IFRC


Red Cross Red Crescent Ebola responders among Florence Nightingale medal recipients

Publié: 18 mai 2015

Geneva, 18 May, 2015 – Fourteen Red Cross nurses are among the 36 outstanding nurses honoured with nursing’s highest international distinction, the Florence Nightingale medal.

The medal recognizes exceptional courage and devotion to victims of armed conflict or natural disaster. It also recognizes exemplary service or a pioneering spirit in the areas of public health or nursing education.

Among the recipients are several nurses who responded to the Ebola crisis in West Africa, including one nurse who died of the disease.

The nurses recognized this year work for the International Federation of Red Cross and Red Crescent Societies (IFRC), the International Committee of the Red Cross (ICRC), and National Red Cross Red Crescent Societies from Australia, Austria, Iran, Lebanon, New Zealand, the Philippines, Sierra Leone, and the United States.

 

Josephine Makieu, head nurse at the IFRC Ebola treatment centre in Kenema, Sierra Leone, says she is very happy to have received the honour.

“I have been able to deliver for my country and my people. I, with others, have worked for the interest of my country to care for the Ebola patients when many people were frightened to. I am very proud to have helped my country in this time of crisis.”

A posthumous award has been given to Morison Musa, Makieu’s colleague at the Ebola treatment centre. Mr Musa died in January this year after contracting Ebola. His uncle, Dr Bockarie Vandi says he is happy that Morison has received the award.

 “Though his loss is a tragedy to us, his family, we appreciate that his work has been recognized and thank the Red Cross for their care of us after his death.”

Amanda McClelland, Global Emergency Health Advisor for IFRC, who was responsible for establishing the Kenema and Kono Ebola treatment centres in Sierra Leone, has been recognized for her unwavering commitment and dedication to assisting all three West African countries in ending the outbreak. McClelland trained both Mrs Makieu and Mr Morison and says their care of patients was exemplary and that they, along with the other Red Cross Red Crescent nurses who worked for the Ebola response, are truly deserving.

“It is an honour and a privilege to be recognized among this group of nurses. I have never been so proud to be a nurse, and a manager of nurses. I asked local and international staff to step forward and do what everyone else was scared to do, and they did it with such care, compassion and humanity. I was humbled every day to work alongside them.”

 Elizabeth Bowell, IFRC emergency health delegate, who set up the Ebola community-based protection programme in Liberia, has also received the medal. “I am very humbled to have even been nominated let alone awarded the Florence Nightingale medal. It is a privilege to be alongside my colleagues on every mission.”

Other recipients include Australians Kerry Page and Nola Henry who work for ICRC in South Sudan, Monika Wild from Austrian Red Cross, Carmen Kynard and Diane St Denis from American Red Cross, Ramin Kohankhaki from Iranian Red Crescent, Marie-Claude Assaf from Lebanon Red Cross, Graham Zinsli from New Zealand Red Cross, Gwendolyn Pang, Secretary General of Philippine Red Cross, and Hawa Said Musse from ICRC in Somalia.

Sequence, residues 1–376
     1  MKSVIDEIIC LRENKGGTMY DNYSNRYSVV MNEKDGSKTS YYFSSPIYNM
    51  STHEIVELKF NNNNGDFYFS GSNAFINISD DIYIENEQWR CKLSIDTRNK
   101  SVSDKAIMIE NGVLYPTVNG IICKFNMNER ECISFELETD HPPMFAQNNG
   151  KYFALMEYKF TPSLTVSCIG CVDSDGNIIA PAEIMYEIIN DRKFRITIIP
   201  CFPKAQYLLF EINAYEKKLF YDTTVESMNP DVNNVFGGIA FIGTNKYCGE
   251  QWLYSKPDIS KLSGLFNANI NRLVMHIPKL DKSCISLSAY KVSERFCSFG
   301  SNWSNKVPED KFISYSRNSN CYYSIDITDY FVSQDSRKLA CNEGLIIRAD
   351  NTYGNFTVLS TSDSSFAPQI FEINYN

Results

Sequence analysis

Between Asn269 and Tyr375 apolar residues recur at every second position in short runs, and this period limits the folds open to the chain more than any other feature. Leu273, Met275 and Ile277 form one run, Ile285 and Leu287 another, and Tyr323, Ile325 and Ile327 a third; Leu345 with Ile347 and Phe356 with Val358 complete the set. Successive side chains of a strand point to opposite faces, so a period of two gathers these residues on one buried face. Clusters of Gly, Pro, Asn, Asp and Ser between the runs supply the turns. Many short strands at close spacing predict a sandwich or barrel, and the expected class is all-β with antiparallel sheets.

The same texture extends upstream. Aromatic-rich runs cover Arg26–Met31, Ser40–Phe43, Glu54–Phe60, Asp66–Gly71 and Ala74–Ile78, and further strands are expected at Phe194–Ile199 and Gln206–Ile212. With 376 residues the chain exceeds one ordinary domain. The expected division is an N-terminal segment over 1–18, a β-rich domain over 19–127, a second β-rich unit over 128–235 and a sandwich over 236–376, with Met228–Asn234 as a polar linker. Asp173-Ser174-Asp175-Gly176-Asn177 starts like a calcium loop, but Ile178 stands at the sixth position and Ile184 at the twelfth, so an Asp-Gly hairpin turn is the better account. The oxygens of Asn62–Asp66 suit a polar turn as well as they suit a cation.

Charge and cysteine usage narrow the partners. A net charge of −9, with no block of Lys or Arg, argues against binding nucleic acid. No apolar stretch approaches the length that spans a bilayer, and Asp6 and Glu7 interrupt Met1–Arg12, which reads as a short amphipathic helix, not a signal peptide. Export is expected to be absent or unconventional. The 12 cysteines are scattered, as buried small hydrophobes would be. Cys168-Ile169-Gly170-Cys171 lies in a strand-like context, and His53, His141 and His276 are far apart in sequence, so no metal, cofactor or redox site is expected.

IFRC Team Leader Ebola Coordination and Support Unit, Birte Hald, says she is extremely proud of the dedication and hard work shown by the nurses.

“These humanitarians have put the needs of others above their own and for that they are to be admired and commended. Some have risked their own lives to help those affected by epidemics, disaster and conflict. Without them, many more people would have undoubtedly suffered a great deal more.”  

This year, awards went to 36 nurses from 18 countries. The recipients were nominated by their respective National Red Cross or Red Crescent Society and selected by a commission comprised of the ICRC, IFRC, and the International Council of Nurses.

The International Federation of Red Cross and Red Crescent Societies (IFRC) is the worlds largest volunteer-based humanitarian network, reaching 150 million people each year through its 189 member National Societies. Together, IFRC acts before, during and after disasters and health emergencies to meet the needs and improve the lives of vulnerable people. It does so with impartiality as to nationality, race, gender, religious beliefs, class and political opinions. For more information, please visit www.ifrc.org. You can also connect with us on Facebook, Twitter, YouTube and Flickr.

For further information, please contact: 

In Geneva:

  • Benoit Carpentier, Team Leader Public Communications, IFRC

Mobile: +41 792 132 413, Email: benoit.carpentier@ifrc.org

 

In Accra:

  • Corinne Ambler, Regional Communications Coordinator, IFRC Ebola response

Mobile: +233 266 444 374, E-mail: corinne.ambler@ifrc.org 

In Addis Ababa:

  • Katherine Mueller, Communications Manager, IFRC Africa

Mobile: +251 930 033 413, E-mail: katherine.mueller@ifrc.org

 

Carte


La Fédération internationale des Sociétés de la Croix-Rouge et du Croissant-Rouge constitue, avec ses 190 Sociétés nationales membres, le plus vaste réseau humanitaire du monde. En tant que membres du Mouvement international de la Croix-Rouge et du Croissant-Rouge, nous sommes guidés dans notre travail par sept Principes fondamentaux: humanité, impartialité, neutralité, indépendance, volontariat, unité et universalité.